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  • Writer's pictureTerry Dockery


The leader preened, postured and pontificated in front of his staff. “This is my company and we’re going to do things my way! It’s just tough luck for anybody who doesn’t like the new time clock. You guys should be ashamed of coming in here late and leaving early. Anyone caught not clocking in and out every day will be fired on the spot!”

The follower seethed inside while smiling at his leader. “I’ll get even with that arrogant jerk one day. If he thinks that I’m going to keep kissing up to get ahead in this team, then he’s got another think coming. If his plan for this team is such a good one, then why does he feel the need to punish and shame anyone who doesn’t agree with it? How can I respect and follow someone who thinks the best way to motivate people is negatively through fear and humiliation? What a cretin!”

What a revelation! If you think about it, there are only three ways to change human behavior, and only one really works long term. The ways are:

1) coercion

2) peer pressure

3) enlightened self-interest.

Coercion (punishment or the threat of it; e.g., “I’ll kick you off the team,” or “I’ll fire you”) only elicits behavior change in the form of temporary compliance from the other person. You have to invest a lot of energy in intimidating them and keeping them scared to continue the behavior change; i.e. see “continuous bullying.” It’s just plain hard work, and you will buy yourself a lot of resentment and passive-aggressive lack of cooperation over the long term.

Peer pressure (shaming someone, e.g.; “You should be ashamed of coming in later than 9 am or leaving earlier than 5 pm. What’s wrong with you? You’re just lazy.”). Ditto on investing a lot of time and energy in continuing to shame and humiliate the other person to continue the behavior change—more hard work; i.e. also see “continuous bullying.” In addition to buying yourself resentment and passive-aggressive lack of cooperation over the long term, you can destroy the other person’s self-confidence and self-directedness, the very qualities you need in him/her to create a high-performance team.

Enlightened self-interest (doing what is in your long term best interests; e.g. “I’m going to spend some of my time coaching Susan to be more successful because I know she can make a huge contribution to the success of my team and we’ll all do better together than separately.”) elicits permanent behavior change because the other person is doing something that benefits them. Why wouldn’t someone continue a behavior that is in their long term best interests? It’s the healthiest and most powerful motivation on the planet!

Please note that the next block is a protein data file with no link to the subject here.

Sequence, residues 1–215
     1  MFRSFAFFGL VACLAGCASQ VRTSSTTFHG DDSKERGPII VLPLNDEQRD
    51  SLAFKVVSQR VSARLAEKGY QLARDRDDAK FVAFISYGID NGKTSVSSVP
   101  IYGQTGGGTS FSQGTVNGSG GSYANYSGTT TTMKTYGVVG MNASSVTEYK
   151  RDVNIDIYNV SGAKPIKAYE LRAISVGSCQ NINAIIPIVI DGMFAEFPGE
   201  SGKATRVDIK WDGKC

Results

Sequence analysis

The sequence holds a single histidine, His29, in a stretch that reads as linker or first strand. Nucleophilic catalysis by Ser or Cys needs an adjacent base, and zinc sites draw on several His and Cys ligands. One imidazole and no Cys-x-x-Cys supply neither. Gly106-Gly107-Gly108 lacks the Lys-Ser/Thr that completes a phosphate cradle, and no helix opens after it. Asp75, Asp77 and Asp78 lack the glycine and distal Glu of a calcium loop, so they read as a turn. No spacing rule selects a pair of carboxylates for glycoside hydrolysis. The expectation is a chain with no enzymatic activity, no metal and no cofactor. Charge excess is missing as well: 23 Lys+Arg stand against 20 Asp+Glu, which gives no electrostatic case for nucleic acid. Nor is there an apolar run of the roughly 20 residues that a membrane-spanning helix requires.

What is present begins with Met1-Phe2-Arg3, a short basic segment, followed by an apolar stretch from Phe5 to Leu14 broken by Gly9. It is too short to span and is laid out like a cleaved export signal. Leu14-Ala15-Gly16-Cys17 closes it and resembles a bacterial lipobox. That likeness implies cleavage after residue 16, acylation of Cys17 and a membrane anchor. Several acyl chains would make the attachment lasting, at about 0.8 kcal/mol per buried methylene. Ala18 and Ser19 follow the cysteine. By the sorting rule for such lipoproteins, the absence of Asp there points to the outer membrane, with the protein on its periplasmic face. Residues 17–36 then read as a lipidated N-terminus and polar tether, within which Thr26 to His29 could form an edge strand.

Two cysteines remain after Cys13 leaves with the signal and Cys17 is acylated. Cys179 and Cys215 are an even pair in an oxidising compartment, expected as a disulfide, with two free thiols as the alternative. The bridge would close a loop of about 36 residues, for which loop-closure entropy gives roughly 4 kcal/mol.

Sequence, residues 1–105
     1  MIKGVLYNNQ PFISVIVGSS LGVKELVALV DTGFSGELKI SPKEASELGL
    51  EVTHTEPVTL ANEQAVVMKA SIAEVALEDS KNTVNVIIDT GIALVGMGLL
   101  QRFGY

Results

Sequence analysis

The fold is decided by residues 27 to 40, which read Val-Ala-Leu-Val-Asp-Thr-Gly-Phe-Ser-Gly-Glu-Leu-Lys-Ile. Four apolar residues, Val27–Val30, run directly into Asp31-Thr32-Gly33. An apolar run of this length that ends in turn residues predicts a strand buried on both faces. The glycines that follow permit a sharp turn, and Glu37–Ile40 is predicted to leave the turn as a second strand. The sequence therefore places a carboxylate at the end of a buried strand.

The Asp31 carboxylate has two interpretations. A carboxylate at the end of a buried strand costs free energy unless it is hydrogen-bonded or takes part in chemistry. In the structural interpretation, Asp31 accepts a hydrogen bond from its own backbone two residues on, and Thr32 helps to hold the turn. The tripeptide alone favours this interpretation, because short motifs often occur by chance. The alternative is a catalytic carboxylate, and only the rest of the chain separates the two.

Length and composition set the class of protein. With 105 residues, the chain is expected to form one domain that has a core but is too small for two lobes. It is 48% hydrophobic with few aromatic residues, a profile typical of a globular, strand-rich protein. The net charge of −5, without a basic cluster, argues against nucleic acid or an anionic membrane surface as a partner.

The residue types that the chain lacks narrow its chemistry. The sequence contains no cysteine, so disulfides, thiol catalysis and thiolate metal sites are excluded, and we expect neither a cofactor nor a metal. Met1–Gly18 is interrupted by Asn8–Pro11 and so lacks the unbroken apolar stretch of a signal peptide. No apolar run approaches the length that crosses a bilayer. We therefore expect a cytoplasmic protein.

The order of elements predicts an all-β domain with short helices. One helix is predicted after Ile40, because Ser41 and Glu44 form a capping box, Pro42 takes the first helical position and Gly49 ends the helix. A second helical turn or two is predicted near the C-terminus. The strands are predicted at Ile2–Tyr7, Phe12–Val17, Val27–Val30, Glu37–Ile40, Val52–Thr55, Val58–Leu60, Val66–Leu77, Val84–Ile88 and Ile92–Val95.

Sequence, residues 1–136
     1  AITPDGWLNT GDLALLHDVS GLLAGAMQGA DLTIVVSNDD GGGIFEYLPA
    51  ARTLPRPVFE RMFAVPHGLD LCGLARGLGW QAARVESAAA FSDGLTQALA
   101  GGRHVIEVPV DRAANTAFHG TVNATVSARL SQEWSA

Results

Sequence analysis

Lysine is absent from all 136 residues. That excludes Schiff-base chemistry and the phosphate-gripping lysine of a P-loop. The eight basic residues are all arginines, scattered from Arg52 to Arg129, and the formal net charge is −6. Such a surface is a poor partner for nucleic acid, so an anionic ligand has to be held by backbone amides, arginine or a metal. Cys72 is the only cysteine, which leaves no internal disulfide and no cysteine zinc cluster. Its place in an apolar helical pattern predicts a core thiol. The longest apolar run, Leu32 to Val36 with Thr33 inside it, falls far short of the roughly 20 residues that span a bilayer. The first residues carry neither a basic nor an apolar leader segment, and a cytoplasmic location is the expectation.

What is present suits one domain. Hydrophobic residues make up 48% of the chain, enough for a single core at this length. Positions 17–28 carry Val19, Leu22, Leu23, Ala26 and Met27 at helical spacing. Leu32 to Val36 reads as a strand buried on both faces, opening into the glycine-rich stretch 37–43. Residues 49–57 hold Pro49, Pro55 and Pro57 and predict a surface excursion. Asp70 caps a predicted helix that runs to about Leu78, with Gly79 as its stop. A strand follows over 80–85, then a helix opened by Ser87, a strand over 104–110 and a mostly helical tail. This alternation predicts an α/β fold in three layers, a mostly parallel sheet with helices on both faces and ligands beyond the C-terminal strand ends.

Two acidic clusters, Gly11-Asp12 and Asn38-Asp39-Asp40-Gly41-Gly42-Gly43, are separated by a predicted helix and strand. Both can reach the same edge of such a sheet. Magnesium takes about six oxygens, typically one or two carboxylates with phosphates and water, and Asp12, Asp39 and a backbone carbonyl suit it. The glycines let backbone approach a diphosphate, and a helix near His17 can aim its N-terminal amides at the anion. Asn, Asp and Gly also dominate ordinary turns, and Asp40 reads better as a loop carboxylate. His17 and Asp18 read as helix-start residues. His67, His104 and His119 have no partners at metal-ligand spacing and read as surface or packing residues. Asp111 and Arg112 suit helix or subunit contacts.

I patently disagree with the person who said “There is no ‘I’ in team. This is some of the worst management advice dispensed in recent times. Of course, there is an “I” in team; you have a whole room full of “I’s” who understand that it is in their long term best interests to create a high level of teamwork with others.

I hope it is self-evident that you want your team members to be self-confident and self-directed. Otherwise, you will spend an inordinate amount of your leadership time managing, coercing, or pressuring them to try to “motivate” them.

Would you prefer to have a bunch of timid automatons who can’t think for themselves on your team? The coercion and peer pressure techniques often indicate a leader’s unrealistic fears of losing control and/or lack of sufficient knowledge or self-confidence. He/she usually needs help addressing these first before being able to motivate people effectively with enlightened self-interest.


Technique #1: If you want lasting behavior change from another person, find a way to appeal to his/her enlightened self-interest.

Technique #2: While occasionally necessary, use punishment/coercion to motivate another person as sparingly as possible. If you’re using it a lot, you need either to improve your skills or to get some different people.

Technique #3: Never use peer pressure/shame/humiliation techniques to motivate another person. These methods destroy self-confidence and self-directedness, the very qualities you need in your team members to build a high-performance team.

Copyright Terry "Doc" Dockery, Ph.D. All rights reserved.

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